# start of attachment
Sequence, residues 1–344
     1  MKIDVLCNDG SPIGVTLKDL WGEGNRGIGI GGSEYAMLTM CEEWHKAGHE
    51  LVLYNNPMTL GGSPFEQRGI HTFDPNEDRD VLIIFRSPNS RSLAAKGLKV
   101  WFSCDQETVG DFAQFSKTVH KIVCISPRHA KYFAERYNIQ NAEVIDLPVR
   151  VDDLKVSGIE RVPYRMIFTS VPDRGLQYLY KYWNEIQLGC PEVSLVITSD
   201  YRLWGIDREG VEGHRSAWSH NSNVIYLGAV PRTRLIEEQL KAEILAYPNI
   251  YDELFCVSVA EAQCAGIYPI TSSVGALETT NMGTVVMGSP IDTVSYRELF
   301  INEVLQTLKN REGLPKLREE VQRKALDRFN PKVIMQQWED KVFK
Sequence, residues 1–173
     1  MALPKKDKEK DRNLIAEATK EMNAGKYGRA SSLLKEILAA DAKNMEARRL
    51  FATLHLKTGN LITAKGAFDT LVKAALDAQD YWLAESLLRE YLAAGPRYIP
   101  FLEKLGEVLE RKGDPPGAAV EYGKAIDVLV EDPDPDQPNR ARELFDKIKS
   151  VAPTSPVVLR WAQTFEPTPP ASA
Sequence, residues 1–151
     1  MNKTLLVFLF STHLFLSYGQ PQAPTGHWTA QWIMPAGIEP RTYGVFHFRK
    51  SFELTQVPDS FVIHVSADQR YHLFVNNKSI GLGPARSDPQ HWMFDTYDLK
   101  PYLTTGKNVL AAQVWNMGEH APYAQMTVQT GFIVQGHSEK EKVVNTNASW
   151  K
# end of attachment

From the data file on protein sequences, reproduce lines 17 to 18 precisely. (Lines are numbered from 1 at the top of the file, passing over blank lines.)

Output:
   101  PYLTTGKNVL AAQVWNMGEH APYAQMTVQT GFIVQGHSEK EKVVNTNASW
   151  K